Outside of LeBron and Jordan, I’m not sure there is a more marketable player in the NBA right now. Think about it like this: When I say Zion, even non-basketball know exactly who I’m talking about. There are only a handful of basketball players that is true for, and the only active ones are LeBron and Steph with KD and Kyrie potentially thrown in that mix.

That’s elite company, and none of those guys have the social media following or ability to go viral with the next generation of basketball fans like Zion does. He already has a global following, one which is only going to grow as he becomes more mainstream.

And while we’re on the subject, it’s worth mentioning this piece on how going to college made Zion a literal fortune. We’ll see if Nike’s investment in the 18-year old pays off.

Utah State star injures knee playing in FIBA U-20 event, reportedly not an ACL tear

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Update (11:58 ET) According to a report from SPORT TV Portugal, Neemias Queta sprained and dislocated his knee, but it doesn’t appear to be an ACL tear.

The star center for Utah State suffered a knee injury while playing for Portugal’s U-20 team in the FIBA European Championships over the weekend.

Queta landed awkwardly while trying to grab a rebound and immediately reached for his left knee. He had to be carried off the floor without putting any weight on the leg, although he was eventually able to walk through handshake lines – with an icepack on his knee – after the game.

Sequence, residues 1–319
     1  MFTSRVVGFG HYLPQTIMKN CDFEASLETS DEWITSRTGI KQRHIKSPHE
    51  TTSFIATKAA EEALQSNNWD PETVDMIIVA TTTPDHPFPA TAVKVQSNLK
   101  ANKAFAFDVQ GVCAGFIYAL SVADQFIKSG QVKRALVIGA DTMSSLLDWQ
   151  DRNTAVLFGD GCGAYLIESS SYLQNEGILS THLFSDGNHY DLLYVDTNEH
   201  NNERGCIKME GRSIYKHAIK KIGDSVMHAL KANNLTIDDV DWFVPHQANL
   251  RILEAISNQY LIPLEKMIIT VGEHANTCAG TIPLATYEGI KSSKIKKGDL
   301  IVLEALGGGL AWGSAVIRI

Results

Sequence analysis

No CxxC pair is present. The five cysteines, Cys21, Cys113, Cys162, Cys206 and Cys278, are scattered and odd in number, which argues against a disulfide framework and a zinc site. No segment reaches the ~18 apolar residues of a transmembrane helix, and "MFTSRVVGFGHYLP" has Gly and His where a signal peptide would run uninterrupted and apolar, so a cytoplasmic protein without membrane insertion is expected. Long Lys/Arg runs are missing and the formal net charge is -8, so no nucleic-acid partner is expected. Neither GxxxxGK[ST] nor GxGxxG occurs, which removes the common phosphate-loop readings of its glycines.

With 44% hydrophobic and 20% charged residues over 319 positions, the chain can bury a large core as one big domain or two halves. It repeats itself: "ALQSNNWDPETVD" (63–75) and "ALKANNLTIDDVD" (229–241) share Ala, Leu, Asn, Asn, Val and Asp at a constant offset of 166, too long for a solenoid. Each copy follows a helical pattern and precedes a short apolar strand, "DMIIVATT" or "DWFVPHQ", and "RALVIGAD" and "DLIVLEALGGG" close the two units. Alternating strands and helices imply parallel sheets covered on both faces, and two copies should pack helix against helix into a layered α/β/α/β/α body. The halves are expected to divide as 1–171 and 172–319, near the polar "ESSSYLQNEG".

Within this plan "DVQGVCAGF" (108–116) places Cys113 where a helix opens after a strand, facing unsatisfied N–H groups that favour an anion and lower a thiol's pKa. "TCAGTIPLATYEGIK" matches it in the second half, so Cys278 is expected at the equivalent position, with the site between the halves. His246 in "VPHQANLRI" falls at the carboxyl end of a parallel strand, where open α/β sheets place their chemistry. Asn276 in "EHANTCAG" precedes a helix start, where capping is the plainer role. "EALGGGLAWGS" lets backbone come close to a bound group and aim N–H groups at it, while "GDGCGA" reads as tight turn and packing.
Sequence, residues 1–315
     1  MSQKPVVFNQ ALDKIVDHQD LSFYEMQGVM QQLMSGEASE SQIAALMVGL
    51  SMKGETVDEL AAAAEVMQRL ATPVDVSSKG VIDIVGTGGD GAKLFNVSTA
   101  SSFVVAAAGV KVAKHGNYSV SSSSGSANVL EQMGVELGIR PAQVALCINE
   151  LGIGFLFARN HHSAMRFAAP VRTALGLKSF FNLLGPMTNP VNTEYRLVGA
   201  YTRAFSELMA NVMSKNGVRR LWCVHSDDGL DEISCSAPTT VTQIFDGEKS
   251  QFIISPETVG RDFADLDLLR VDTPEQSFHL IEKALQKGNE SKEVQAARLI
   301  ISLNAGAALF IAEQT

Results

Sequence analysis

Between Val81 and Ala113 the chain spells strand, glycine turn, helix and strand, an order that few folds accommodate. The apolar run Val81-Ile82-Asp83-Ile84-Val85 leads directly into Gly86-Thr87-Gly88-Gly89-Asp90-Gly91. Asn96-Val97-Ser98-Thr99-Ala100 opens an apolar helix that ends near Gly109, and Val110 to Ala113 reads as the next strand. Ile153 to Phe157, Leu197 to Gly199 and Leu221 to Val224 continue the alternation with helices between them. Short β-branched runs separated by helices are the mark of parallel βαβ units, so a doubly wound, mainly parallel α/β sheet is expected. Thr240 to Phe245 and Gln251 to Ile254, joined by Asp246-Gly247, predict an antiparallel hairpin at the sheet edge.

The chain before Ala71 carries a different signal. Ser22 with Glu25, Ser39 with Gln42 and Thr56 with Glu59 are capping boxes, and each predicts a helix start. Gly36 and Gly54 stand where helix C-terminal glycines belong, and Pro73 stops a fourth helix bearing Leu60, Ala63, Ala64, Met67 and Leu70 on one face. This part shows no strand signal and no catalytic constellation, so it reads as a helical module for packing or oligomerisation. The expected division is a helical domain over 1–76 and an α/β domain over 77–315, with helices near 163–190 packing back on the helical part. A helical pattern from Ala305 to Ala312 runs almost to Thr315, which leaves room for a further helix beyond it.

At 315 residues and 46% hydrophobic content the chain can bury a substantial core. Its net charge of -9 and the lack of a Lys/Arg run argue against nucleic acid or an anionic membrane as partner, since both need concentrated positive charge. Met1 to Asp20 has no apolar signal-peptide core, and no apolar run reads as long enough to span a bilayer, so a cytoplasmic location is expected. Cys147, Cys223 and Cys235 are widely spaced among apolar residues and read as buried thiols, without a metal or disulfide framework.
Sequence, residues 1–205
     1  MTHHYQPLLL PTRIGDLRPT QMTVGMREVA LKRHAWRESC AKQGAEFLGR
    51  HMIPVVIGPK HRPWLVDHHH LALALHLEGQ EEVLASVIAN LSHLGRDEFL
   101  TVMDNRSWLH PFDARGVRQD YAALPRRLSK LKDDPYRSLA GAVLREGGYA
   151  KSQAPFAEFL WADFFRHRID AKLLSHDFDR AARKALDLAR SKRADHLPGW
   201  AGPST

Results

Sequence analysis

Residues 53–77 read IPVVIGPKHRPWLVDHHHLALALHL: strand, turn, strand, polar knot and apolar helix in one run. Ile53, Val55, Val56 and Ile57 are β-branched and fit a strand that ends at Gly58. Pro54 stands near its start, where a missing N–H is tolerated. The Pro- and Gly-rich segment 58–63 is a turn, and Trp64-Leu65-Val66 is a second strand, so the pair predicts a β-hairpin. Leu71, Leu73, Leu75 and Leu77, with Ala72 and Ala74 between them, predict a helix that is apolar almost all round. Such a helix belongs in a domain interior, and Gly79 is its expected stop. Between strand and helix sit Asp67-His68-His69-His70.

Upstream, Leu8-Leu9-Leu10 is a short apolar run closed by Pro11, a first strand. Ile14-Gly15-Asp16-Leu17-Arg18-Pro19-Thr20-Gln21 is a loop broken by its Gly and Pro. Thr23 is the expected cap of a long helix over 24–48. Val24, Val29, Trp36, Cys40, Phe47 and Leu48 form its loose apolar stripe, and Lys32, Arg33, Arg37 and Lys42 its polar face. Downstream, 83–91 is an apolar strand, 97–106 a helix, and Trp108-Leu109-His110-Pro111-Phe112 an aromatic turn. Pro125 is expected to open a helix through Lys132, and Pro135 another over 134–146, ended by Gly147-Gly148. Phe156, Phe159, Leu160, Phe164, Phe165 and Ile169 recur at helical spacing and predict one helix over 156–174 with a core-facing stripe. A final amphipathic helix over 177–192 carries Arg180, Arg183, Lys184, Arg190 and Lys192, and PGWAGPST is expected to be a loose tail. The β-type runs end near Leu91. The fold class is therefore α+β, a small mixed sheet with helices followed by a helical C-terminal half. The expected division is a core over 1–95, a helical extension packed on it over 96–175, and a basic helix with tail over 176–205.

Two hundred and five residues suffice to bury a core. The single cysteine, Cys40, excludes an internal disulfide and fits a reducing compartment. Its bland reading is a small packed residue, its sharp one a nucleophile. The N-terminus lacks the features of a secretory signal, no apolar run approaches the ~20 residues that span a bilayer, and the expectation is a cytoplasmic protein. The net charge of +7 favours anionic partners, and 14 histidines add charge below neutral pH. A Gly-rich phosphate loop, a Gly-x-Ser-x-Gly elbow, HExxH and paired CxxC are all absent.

Queta did not return for Sunday’s final, and he had his knee wrapped while using a cane while watching from the bench. Portugal won the B Division championship despite his absence.

This would be a massive loss for the Aggies, who are a top 15 team in the NBC Sports preseason rankings and the clear-cut favorite to win the Mountain West. The 6-foot-11 Queta averaged 11.8 points, 8.9 boards and 2.4 blocks while shooting 40 percent from three as a freshman.

According to reports out of Portugal, Queta is due to undergo an MRI Tuesday.

 

Ex-Tar Heel Woods comfortable back home in South Carolina

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COLUMBIA, S.C. (AP) — South Carolina guard Seventh Woods can’t take a few steps around town these days without someone telling him it is good he came home. The former North Carolina player is happy with his latest choice, too.

“It’s been great,” Woods said Friday. “Family’s here, friends here. I’ve been getting along well with the players and the coaches.”